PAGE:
Proposal is among provisions Democrats are pursuing to pay for proposed $3.5 trillion spending plan
By Ken Thomas and Richard Rubin, September 24, 2021, Wall Street Journal
WASHINGTON—President Biden expressed support for a proposal under consideration in the Senate to place an annual income tax on billionaires’ unrealized capital gains.
The potential tax increase, being pursued by Senate Finance Chairman Ron Wyden (D., Ore.), would be among a number of tax provisions that Mr. Biden is seeking to pay for a proposed $3.5 trillion spending plan that encapsulates much of his first-term agenda. It is an alternative to some administration tax ideas that have flopped in Congress, and it would generate money from the wealthiest sliver of Americans, whose incomes can be a fraction of their wealth.
Republicans oppose both the spending and tax proposals in the package, and Democrats will need to remain united to get the bill through the narrowly divided Congress.
Asked about Mr. Wyden’s proposal, the president told reporters Friday at the White House that he supported the idea. Advancing it would require unanimity from Senate Democrats and almost all House Democrats, and it isn’t certain yet whether there is enough congressional backing.
“Look, I support a lot of these proposals. We don’t need all of the proposals I support to pay for this,” Mr. Biden said of the plan, adding that he was pursuing a tax agenda that would require Americans to pay their “fair share.”
Under current law, people pay capital-gains taxes only if they sell an asset. At death, those unrealized gains aren’t subject to income taxes and heirs only have to pay capital-gains taxes when they sell and only on gains since the prior owner’s death.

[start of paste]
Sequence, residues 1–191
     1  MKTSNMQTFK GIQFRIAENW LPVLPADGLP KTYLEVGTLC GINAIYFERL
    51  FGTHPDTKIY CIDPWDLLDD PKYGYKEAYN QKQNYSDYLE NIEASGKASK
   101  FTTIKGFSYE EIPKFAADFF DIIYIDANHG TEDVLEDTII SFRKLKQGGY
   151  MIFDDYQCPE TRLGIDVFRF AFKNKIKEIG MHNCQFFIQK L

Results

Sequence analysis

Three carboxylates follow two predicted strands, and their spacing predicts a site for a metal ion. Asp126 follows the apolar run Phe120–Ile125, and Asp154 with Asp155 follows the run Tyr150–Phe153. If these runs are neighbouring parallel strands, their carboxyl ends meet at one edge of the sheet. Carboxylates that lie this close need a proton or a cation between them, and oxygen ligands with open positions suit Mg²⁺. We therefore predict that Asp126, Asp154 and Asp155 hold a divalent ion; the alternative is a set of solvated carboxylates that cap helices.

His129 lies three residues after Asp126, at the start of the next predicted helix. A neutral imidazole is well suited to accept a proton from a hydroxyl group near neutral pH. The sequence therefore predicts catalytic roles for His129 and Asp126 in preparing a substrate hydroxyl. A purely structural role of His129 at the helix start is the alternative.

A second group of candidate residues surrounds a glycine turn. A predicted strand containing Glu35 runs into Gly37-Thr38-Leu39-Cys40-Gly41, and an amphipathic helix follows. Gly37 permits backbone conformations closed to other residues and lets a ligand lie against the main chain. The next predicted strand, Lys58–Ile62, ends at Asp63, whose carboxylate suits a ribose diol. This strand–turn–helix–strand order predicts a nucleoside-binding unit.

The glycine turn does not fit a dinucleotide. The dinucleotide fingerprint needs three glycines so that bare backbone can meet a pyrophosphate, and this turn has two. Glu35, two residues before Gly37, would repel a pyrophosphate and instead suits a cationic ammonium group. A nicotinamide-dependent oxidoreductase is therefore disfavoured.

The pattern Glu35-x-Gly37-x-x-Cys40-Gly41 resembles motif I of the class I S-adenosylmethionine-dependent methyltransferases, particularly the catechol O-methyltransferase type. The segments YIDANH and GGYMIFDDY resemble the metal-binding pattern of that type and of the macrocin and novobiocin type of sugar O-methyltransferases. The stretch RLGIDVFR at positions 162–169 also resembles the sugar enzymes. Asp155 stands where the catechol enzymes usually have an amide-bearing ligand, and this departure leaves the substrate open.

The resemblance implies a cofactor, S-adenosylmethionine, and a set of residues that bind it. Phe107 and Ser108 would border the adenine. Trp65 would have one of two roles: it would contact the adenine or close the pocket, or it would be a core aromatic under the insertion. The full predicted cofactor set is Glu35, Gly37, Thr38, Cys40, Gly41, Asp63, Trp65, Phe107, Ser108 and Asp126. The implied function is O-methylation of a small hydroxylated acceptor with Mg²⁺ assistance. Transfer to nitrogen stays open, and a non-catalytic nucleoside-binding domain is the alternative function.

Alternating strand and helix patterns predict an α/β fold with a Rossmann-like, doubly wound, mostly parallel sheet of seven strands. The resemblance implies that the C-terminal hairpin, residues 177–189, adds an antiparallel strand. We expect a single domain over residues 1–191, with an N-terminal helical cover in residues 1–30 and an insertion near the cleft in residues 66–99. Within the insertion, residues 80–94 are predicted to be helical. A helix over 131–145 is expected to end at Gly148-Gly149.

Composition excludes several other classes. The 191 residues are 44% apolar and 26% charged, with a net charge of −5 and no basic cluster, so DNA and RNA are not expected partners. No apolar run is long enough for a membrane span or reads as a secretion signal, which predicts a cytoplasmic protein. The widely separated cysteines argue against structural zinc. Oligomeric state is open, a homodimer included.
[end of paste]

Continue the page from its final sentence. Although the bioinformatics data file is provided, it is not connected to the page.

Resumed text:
That rule, known as the tax-free step-up in basis, gives wealthy people an incentive to hold on to their assets and borrow against them to finance their lifestyles. Estate taxes can still apply.
Democrats view the current rules as an unjustified giveaway to wealthy people who can build fortunes without paying income taxes. Mr. Biden proposed treating death as a taxable event for income-tax purposes, with a $1 million per-person exemption and special rules for family-owned farms and businesses.
But congressional Democrats from farm states have effectively killed that idea, shooting down even larger exemptions and carve-outs for farmers.
That prompted Mr. Wyden to offer his alternative, which Mr. Biden backed on Friday.
The idea is that for billionaires only, annual gains in wealth would be treated as income. So under current law, someone whose net worth rose to $22 billion from $20 billion and sold nothing would have no income. Under Mr. Wyden’s proposal, that person would have $2 billion of taxable income.
One challenge for the proposal is that it would need to deal with losses, and the prospect of the government sending large checks to billionaires is politically unappealing. Lawmakers could allow deductions for annual losses while also imposing limits on those deductions or allowing them to carry forward to offset gains in future years.